Today’s Apology For Criminalised Homosexuality Is Important, But NSW Still Has A Long Way To Go

Today’s Apology For Criminalised Homosexuality Is Important, But NSW Still Has A Long Way To Go
Image: Equality Australia Legal Director Ghassan Kassisieh. Image: Supplied

Today’s apology for criminalised homosexuality is important, but NSW still has a long way to go

– by Equality Australia Legal Director, Ghassan Kassisieh


Last year I assisted a man to clear his record of a historical conviction that he carried for over 60 years.

His crime, the court records say, was to ask an undercover male police officer that entrapped him back to his apartment for sex. No sex occurred, but he was convicted and sentenced to 12 months’ imprisonment for ‘attempting to procure an act of indecency by a male person’.

Few people would know what it is like to be hated and hunted just for being who they are, under threat of imprisonment by their government and condemned by their community.

And yet that is what countless gay men experienced within recent living memory in NSW.

It is a sad and dark chapter in our state’s history, and it is only right and welcome that Premier Chris Minns will formally apologise today to those convicted under old laws that criminalised homosexual acts between men.

Removed from our criminal laws in 1984, nothing can ever make up for the shame inflicted on these men by this hideous criminal stain. The jobs they couldn’t apply for. The loneliness of fearing that simple acts of intimacy could end a career, or worse. And for some, the anguish of having to hide a criminal record from family and friends, even for a lifetime.

Today’s historic and gracious apology will go some way to addressing this harm and hurt.

But it also calls upon the NSW Parliament to finish the unfinished business of 1984 by changing the laws that continue to discriminate against and disadvantage LGBTIQ+ people in our great state.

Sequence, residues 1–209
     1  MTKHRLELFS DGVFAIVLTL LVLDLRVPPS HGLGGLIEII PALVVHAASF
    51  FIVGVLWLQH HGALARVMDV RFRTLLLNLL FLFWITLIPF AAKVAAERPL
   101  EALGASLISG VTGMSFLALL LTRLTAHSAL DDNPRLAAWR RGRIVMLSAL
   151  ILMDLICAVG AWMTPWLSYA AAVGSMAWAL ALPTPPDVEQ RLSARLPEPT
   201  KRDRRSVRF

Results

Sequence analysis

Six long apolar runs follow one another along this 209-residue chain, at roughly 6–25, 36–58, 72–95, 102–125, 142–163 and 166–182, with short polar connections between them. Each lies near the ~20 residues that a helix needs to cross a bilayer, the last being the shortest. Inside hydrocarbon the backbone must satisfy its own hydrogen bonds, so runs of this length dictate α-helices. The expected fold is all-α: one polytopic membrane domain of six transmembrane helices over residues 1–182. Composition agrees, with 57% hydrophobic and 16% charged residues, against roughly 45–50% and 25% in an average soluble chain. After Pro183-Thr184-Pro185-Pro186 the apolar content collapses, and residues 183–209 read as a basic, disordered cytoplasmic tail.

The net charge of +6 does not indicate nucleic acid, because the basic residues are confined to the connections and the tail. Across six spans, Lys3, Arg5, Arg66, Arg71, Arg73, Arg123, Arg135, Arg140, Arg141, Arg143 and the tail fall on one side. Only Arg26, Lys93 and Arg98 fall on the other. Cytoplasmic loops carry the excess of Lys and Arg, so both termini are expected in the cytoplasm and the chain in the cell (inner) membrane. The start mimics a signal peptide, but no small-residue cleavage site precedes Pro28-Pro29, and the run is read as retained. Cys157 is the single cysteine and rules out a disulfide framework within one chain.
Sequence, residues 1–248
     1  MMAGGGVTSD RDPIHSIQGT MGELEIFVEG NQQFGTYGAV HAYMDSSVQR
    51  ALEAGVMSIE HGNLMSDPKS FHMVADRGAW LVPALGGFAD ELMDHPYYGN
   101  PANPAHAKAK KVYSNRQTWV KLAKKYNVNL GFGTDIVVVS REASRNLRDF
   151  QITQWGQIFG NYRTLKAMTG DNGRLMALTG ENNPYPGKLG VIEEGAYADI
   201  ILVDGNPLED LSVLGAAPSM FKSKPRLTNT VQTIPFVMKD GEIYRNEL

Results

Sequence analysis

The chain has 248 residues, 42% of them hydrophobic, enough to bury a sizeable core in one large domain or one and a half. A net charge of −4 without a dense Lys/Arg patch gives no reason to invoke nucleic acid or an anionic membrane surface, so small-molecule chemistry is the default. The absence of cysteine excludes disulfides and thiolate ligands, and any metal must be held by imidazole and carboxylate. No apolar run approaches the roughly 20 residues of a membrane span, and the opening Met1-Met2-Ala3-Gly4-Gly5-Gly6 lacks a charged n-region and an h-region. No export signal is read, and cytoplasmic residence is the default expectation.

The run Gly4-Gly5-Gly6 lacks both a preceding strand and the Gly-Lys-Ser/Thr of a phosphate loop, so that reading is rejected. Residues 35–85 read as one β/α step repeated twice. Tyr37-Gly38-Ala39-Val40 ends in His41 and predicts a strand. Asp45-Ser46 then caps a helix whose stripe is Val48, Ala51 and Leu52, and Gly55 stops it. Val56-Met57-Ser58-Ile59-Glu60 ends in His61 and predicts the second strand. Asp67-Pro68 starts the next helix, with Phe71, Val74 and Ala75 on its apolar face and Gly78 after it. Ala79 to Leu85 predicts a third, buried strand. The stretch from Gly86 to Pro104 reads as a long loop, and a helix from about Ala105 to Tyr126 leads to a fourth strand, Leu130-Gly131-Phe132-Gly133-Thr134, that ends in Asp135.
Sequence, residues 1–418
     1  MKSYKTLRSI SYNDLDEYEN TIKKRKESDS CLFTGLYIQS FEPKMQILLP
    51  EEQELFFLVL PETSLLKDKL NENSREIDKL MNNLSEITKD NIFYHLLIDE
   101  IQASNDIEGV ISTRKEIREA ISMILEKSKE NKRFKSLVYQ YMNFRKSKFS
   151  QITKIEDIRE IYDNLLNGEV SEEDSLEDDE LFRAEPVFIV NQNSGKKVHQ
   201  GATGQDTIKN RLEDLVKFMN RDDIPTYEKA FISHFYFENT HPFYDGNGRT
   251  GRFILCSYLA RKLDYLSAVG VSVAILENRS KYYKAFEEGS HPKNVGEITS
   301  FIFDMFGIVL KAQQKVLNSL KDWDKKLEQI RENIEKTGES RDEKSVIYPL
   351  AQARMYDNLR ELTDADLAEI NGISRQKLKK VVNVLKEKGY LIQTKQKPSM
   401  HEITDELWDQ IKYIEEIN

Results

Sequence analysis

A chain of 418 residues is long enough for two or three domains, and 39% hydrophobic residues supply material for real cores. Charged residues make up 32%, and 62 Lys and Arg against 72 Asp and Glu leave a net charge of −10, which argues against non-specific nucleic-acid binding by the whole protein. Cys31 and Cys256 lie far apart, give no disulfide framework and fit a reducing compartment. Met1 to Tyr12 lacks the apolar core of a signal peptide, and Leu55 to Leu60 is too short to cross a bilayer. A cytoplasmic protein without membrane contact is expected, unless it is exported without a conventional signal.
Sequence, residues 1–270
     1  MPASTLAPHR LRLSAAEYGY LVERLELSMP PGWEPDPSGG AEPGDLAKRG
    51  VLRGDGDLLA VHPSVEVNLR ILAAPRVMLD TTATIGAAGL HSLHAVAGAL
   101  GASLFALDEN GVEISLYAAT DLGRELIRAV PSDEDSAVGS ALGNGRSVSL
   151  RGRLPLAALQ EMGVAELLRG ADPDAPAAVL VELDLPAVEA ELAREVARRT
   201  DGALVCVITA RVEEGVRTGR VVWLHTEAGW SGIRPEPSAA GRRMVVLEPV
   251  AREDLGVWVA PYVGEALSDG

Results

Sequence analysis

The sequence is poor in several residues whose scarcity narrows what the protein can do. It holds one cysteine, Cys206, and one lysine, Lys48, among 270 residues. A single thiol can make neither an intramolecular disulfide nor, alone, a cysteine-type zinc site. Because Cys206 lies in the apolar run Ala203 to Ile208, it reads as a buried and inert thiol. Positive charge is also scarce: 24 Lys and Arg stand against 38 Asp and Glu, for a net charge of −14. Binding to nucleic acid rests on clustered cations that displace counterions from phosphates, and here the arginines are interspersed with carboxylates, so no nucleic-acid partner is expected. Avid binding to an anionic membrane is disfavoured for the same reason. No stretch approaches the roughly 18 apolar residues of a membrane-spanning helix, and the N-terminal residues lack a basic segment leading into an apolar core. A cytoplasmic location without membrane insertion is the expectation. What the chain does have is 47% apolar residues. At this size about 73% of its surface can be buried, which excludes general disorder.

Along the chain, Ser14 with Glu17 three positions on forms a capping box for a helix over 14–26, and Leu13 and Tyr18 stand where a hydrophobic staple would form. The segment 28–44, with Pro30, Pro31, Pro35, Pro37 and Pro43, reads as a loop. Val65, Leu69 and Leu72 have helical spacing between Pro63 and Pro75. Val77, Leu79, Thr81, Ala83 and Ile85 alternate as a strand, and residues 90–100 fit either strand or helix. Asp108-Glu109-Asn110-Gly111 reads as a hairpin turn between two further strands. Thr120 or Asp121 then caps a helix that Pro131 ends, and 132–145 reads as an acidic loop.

This week a NSW parliamentary inquiry recommended that an LGBTIQA+ Equality Bill proceed for parliamentary consideration.

This bill would make history in closing remaining gaps and modernising NSW laws that have for too long stigmatised, excluded and failed to protect LGBTIQ+ people equally.

Many people are surprised to know that NSW laws still allow LGBTQ+ teachers and students to be fired or expelled from private schools. Trans people are still denied ID that matches their identity, unless they have invasive surgery that many can’t access or may not want. And not all of our families are recognised.

The Equality Bill will finally fix this and bring NSW closer into line with laws in other states and territories.

Today’s apology is a reminder of what positive change is and has been made possible in the 40 years since our love was decriminalised.

Only ten years on from 1984, our community would build organisations working together for our safety, health and happiness, particularly as those who were supposed to protect us let us down — as a Special Commission of Inquiry into LGBTIQ hate crimes would much later find.

We would learn to celebrate our resilience and pride through the grief and fear marking those times, as we mourned a generation lost to the HIV/AIDS epidemic.

Within twenty years, our identities and relationships would begin to be recognised and the age of consent would be equalised.

Within thirty years, many of our kids would finally be recognised as part of our families and, by 2014, a scheme would be introduced to wipe old criminal records that should never have existed.

Now, in 2024, so much has changed. Thanks to the millions who stood with us and joined us on the journey of acceptance and understanding over four decades, we can marry those we choose to love.

And earlier this year — with welcome bipartisanship — our NSW Parliament outlawed practices that attempt to change or suppress who we are. Forty years ago, they criminalised us, now those who seek to harm us can live under that shadow.

These changes have been possible thanks to the millions of people who have marched with us, voted for us and stood up for us over the years.

But they are all inspired by the incredible sacrifice and activism of those elders who marched out of the bars, into the streets, onto our screens and deep into our hearts – with a vision that NSW could one day be a home that welcomes all of us.

As the NSW Premier delivers this apology, we should honour their legacy with a gift for the next generation.

Just as unjust criminal laws created a climate of fear and prejudice 40 years ago, existing discrimination in our laws continue to cast a shadow over our lives.

NSW has among the worst laws in the country for LGBTIQ+ people.

It’s time the NSW Government and all NSW Parliamentarians commit to passing the LGBTIQA+ Equality Bill to deliver a fair and equal future for the generations to come.

You May Also Like

Leave a Reply

Your email address will not be published. Required fields are marked *